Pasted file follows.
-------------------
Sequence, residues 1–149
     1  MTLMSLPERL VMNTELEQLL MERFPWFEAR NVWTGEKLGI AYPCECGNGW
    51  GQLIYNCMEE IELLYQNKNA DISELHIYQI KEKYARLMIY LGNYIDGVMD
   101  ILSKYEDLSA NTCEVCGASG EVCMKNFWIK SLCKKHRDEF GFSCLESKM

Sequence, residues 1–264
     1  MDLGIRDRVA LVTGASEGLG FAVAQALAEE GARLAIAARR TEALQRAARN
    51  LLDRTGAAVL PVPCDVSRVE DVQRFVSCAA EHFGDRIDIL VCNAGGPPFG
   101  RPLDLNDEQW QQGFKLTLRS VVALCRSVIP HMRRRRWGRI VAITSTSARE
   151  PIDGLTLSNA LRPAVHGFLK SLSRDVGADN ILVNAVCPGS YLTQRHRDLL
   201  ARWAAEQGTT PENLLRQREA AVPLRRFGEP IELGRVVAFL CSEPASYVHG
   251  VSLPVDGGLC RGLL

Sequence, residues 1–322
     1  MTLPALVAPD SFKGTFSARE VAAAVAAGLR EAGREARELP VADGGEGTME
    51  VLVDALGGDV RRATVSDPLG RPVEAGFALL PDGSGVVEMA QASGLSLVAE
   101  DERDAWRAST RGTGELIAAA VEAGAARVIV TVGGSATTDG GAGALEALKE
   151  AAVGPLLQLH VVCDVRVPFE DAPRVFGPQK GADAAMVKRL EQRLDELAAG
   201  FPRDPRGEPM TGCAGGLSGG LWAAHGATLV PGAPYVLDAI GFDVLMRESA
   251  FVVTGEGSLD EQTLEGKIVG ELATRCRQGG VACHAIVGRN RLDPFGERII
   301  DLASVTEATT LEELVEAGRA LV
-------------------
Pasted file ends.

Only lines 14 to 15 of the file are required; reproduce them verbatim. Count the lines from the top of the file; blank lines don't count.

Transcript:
    51  VLVDALGGDV RRATVSDPLG RPVEAGFALL PDGSGVVEMA QASGLSLVAE
   101  DERDAWRAST RGTGELIAAA VEAGAARVIV TVGGSATTDG GAGALEALKE